“People think, ‘While I might start out needing care at home, eventually I’ll need to be in a facility,’” Ludden continued. “But that’s not something we see in our data. For the most part, people are able to stay at home for the whole time.”

Currently, more than 6 million older Americans are thought to have a “high need” for long-term care, according to a report from the U.S. Department of Health and Human Services. That’s defined as requiring daily assistance with two activities (eating, bathing, toileting, dressing, continence or transferring from a bed to a chair) that lasts at least 90 days or a need for substantial assistance due to severe cognitive impairment.

About 52 percent of adults reaching age 65 today will need these services — 26 percent for two years or less; 12 percent for two to four years; and 14 percent for more than five years, the HHS report projected.

Yet fewer than 10 percent of older adults have purchased long-term care insurance, which has somewhat declined in popularity as premiums skyrocketed and insurers exited the market over the past decade. Whether the industry can fix its major problem — affordability — remains to be seen.

From a consumer’s perspective, if the goal is covering several years of home-based care, not nursing home care, a person can purchase a less expensive policy without all the bells and whistles that drive up costs.

A 55-year-old couple buying a policy of this kind — say, $4,000 a month in benefits for each person, for a maximum of three years, with a 1 percent compounded annual inflation protection provision — from a major insurance company would pay $2,380.05 a year in premiums. It’s common for policyholders to pay premiums for 10 or 20 years before claiming benefits. Terms are similar in most states.

How much help in the home might this policy provide?

According to 2016 data compiled by Genworth, the average annual cost for care provided by a home health aide was $46,332, compared with $82,128 for a semiprivate room in a nursing home. That translates into $3,861 a month, for 44 hours of home care a week — the equivalent of slightly more than six hours of care, seven days a week.

That might not be enough for seniors with serious, disabling illnesses, but it can provide much-needed relief to unpaid family caregivers who could otherwise be on call nonstop.

What happens if someone ends up needing nursing home care?

People might consider what is known as a “qualified long-term care partnership policy” — a plan available in every state except Alaska, Hawaii, Illinois, Massachusetts, Mississippi, New Mexico, Vermont and Washington, D.C. 

These little-known insurance products are designed to help consumers preserve their assets if they become seriously ill, need nursing home care and seek to become eligible for Medicaid, which pays for nearly half of nursing home costs in the U.S.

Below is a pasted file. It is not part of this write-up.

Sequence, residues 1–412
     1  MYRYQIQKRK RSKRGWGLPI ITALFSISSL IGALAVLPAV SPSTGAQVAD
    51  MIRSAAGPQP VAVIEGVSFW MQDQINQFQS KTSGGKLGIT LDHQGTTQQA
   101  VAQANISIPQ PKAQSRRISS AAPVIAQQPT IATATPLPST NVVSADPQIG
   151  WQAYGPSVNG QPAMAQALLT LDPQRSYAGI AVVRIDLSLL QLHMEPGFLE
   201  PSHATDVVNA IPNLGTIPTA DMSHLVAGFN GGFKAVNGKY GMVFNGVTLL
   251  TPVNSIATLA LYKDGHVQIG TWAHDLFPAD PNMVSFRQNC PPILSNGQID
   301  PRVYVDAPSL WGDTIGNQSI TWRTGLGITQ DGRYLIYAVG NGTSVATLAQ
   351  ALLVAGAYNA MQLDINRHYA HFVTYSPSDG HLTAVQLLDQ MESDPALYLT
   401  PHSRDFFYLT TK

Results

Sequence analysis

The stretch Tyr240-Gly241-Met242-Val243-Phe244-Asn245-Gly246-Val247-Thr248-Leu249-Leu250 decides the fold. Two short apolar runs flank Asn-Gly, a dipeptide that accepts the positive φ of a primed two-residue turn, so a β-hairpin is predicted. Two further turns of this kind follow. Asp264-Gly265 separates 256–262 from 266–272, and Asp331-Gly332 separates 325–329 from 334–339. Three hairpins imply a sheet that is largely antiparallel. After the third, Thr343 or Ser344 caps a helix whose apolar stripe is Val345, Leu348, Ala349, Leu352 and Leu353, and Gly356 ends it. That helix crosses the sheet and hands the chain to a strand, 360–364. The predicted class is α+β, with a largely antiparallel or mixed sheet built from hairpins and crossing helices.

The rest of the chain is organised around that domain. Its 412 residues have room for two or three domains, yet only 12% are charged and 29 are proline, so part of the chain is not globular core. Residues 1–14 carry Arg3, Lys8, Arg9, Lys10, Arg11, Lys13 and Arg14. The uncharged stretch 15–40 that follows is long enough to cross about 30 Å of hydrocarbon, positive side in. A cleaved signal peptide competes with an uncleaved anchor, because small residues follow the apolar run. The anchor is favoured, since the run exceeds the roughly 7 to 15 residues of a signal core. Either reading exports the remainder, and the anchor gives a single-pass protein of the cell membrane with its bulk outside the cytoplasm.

To qualify for Medicaid, most states require that an individual have no more than $2,000 in assets; couples are allowed to have up to about $120,000, so that a well spouse does not become impoverished. With a partnership policy, every dollar received in long-term care benefits is exempted from Medicaid’s asset test and protected from seizure by the state.

In other words, if you get $200,000 in benefits from a partnership policy and your state has an asset limit of $2,000 for Medicaid, you can keep $200,000 in assets plus the $2,000 allowed and still meet your state’s asset test.

Partnership policies do not guarantee Medicaid eligibility and a person would still have to meet whatever income standards their state sets for Medicaid. (Many, but not all states, allow people to “spend down” to qualify, using their income to pay for institutional care.)

Alan, 61, of Las Vegas, purchased a partnership policy three years ago because it allows him to retain control of his financial assets, even if he needs caregiver services. Another plus: The policy permits him [if he decides to stay at home] to take a certain amount of the monthly amount and give it to someone he chooses to provide care for him, even if that person is a family member.

There is no reliable national data about how many people with partnership policies end up going on Medicaid to cover nursing home care. Nor is there good data about the number of these policies that have been sold or the benefits paid out to date.

David Guttchen, who directs the Connecticut Partnership for Long-Term Care, the first such program in the country, is skeptical about policies with benefits that will cover only a portion of expected costs. (Four states, including Connecticut, were the first to launch partnership programs and have special rules.)

“A person absolutely needs to know what the average home care and nursing home costs are for their state, to get a sense of what the exposure might be,” he said. “If you don’t buy meaningful benefits, you’re wasting your premium.”

If a person is able to cover a good amount of home care but the policy does not cover nursing home care, some protection is gained, for a while, but a person could still pay an enormous amount out-of-pocket going forward, if Medicaid is not an option.

It’s a gamble because people cannot be sure what kind of care they will need in the future, or for how long, or what the future of Medicaid will offer. Before buying any policy, consult with an elder law attorney and an independent insurance adviser.